There are some other important causes to the Allied defeat.
Don't be so arrogant and remember what happened to the proud, invincible British forces in Singapore and their invicible heavy guns. They were just BLUFFED into surrender - for they, too, surrendered as soon as they were offered a chance - by a sly Japanese general, long before their strength was exhausted (contrary to the French, who ended with their backs pressed against the over 10,000 ft high Pyrénées). Remember Rommel and Libya, too. British forces (mainly from India, South Africa and New Zealand) eventually won - after a very long time and a protracted campaign against a much weaker enemy, and only after they had amassed a giant superiority in everything (Alamein battle) : men, artillery, tanks, airpower. In spite of this it was a difficult fight for the British and it ended only in Tunisia with American and a strong French help, Rommel being virtually surrounded! So when the Britishers fought alone, without the stupid French, they never fared better than the French did 1940 in France, possibly worse. As for airpower let me just remember you of JG 27 and H-J Marseille...
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Old 10th April 2005, 03:40
Boandlgramer Boandlgramer is offline
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Re: French books on the 1939-1940 fighting

- Very funny, and so new. Congratulations.
I admit maybe I should have written "won the fighting in the air" - maybe. Y'know, if you make a judgement after having counted the points like for a boxing fight. The Armée de l'Air beat the Luftwaffe 2 : 1. In the BoB it was more something like 1 : 1. The French were not there...


if you feel it was funny, than i had more success than you with your joke about alfred price. ( remember horrible englishman ? ).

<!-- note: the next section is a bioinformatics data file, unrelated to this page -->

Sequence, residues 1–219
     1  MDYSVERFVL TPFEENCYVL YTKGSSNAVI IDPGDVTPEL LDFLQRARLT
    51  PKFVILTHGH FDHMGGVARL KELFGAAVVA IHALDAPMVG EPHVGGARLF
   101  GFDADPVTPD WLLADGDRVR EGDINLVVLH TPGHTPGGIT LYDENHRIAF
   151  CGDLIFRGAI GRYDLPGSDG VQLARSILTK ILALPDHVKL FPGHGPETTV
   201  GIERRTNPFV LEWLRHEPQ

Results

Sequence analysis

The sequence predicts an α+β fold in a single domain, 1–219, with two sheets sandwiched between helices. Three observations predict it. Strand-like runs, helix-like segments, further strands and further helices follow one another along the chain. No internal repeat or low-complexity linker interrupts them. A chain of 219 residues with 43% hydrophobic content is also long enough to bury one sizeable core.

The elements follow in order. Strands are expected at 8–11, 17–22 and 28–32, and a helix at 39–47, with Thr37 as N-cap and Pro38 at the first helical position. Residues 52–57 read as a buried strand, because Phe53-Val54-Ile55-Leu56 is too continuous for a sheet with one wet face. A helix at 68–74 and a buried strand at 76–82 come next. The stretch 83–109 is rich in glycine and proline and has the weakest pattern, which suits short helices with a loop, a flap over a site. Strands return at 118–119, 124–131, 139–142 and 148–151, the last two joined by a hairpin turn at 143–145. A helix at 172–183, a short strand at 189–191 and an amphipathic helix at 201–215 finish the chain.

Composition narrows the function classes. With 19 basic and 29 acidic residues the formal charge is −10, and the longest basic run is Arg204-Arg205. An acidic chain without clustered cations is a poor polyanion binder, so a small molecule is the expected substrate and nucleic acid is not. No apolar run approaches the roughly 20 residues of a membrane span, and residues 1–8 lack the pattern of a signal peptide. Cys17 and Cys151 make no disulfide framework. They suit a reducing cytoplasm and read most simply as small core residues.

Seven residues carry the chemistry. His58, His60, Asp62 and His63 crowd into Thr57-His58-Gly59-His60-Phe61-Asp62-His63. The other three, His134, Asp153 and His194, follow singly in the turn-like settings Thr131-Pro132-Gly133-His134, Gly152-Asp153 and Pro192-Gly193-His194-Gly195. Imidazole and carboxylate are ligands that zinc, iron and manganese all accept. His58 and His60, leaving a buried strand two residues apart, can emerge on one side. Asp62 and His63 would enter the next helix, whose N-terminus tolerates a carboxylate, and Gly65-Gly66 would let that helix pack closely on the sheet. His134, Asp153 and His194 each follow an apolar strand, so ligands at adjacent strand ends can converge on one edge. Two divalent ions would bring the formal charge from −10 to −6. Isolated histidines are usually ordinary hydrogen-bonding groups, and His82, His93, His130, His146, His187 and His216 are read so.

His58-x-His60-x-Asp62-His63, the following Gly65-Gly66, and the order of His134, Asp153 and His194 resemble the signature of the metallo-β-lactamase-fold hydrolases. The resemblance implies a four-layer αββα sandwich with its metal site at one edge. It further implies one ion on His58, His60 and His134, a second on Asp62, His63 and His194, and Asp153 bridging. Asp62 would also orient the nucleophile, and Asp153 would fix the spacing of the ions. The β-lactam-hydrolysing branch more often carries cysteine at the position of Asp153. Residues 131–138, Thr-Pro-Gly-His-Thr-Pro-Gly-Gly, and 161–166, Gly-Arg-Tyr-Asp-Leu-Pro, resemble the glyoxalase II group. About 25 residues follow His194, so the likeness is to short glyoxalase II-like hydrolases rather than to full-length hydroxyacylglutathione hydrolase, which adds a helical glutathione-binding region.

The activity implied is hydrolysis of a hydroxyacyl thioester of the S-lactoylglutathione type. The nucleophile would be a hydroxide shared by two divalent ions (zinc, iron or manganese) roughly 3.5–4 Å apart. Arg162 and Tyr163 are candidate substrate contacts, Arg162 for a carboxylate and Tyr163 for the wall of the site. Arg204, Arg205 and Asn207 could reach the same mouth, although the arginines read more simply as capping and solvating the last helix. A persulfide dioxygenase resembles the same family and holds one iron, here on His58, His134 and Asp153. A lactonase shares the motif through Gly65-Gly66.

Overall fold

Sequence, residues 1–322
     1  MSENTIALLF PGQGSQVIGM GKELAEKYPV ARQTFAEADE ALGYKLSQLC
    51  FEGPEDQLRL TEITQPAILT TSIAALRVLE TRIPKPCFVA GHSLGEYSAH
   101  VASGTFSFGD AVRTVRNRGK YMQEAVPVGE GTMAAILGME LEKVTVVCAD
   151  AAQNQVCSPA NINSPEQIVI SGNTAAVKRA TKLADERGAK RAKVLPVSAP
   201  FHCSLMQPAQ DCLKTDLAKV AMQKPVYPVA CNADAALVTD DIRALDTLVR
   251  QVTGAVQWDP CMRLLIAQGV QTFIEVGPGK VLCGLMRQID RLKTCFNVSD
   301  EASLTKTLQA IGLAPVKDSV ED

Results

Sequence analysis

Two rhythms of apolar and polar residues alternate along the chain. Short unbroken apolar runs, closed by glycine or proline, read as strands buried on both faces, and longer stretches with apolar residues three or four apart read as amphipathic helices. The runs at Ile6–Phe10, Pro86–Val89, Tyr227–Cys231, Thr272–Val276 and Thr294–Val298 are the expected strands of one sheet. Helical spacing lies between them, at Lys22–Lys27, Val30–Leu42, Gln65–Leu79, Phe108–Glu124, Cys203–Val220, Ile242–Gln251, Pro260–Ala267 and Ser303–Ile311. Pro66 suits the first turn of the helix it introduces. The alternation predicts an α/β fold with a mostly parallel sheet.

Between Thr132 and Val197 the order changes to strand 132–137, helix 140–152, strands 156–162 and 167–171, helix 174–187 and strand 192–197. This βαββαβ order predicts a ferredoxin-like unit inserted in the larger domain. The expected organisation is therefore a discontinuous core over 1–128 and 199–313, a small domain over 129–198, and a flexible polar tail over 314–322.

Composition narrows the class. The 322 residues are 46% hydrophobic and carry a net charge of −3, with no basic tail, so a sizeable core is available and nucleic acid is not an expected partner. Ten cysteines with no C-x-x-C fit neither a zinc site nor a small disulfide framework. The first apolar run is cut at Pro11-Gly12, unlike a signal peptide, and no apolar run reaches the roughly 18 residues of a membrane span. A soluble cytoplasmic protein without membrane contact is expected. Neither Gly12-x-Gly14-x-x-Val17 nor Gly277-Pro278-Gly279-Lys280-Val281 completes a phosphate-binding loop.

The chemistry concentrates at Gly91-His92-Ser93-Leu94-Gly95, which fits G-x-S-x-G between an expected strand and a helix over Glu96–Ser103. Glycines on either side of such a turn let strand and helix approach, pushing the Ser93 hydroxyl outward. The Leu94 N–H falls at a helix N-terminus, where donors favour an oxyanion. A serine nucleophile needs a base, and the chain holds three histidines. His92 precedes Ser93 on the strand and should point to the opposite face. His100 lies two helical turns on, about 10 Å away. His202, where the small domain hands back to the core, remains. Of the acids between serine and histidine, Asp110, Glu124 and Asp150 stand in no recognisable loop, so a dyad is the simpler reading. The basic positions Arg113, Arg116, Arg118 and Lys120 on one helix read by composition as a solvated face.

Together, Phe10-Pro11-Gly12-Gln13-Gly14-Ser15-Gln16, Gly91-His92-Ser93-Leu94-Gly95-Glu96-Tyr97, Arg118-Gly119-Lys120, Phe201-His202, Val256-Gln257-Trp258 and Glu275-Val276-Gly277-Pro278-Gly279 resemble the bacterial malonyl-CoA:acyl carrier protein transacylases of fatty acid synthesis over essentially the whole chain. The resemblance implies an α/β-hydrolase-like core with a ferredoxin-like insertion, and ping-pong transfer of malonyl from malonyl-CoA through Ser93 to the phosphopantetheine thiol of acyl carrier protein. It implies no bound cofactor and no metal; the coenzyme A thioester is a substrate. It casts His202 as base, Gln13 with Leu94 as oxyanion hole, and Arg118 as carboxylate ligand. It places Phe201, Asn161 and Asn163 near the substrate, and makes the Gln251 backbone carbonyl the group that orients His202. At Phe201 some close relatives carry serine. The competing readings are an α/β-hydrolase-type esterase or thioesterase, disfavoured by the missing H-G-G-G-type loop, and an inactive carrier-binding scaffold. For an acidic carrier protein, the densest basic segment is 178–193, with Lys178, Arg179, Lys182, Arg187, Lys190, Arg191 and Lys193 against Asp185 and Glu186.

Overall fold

ok to your post.
do you see a reason to being insulting ? ( called me arrogant)
if somebody here is arrogant, then its you.

according to the Generalquartiermeister der deutschen luftwaffe.
losses from 10. may 1940 - 1. 7. 1940

635 bomber
147 schlachtflieger
457 jäger / zerstörer

= 1239 planes ( combatplanes only, all causes ,destroyed or damaged more than 10 %


how many shot the brits down ?
how many the AAA ?
how many are lost due assidents ?
how many damaged ?
and last but not least how many the french ?


so, sir hawkeye, time for you to post some numbers.
but to make it short, i dont need a novel just hard numbers.

and not to forget , the french losses.
if possible the british too.


edit : i found some speeling errors.

Last edited by Boandlgramer; 10th April 2005 at 08:21.
  #6  
Old 10th April 2005, 05:53
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Re: French books on the 1939-1940 fighting

The RAF recorded a loss of just under 900 aircraft in the period from 10 May to 12 June 1940. Of that number 318 were Hurricanes and 143 Spitfires, the balance being a mix of Fairey Battle, Wellington, Blenheim, Boulton Paul Defiant and some FAA aircraft.

106 fighters alone were lost over Dunkirk.
  #7  
Old 10th April 2005, 12:32
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Re: French 1939-1940 fighting

Having been away in Holland for a few weeks and returning only a few days back i am very sad to see this site has dropped to a low level on some threads.

Hawk-Eye you obviously hate us English and its a shame as so many of us died and are buried in your land after fighting for it....but please keep your racist comments of this site. Remember we all have nasty sides to our countrys past, France had Napoleon, bent on European domination. But he fortunately for all got a good beating in Spain, Portugal Russia and finally defeated at Waterloo.

I guess you will not be celebrating the Battle of Trafalgar 200yrs birthday / English victory with us in October ?
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Old 10th April 2005, 12:41
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Post Re: French 1939-1940 fighting

(original thread: http://forum.12oclockhigh.net/showthread.php?t=546)

Note the Review forum should preferably be used for book reviews, a more general campaign analysis doesn't fit in.

I've split the orginal thread and moved the campaign material to the appropriate forum. However since this subsidiary thread has developed into the same level of mudslinging as the previous threads on that topic, I am closing it down.



Enough is enough...

Let all be warned that continued writing in this manner will result in administrative action.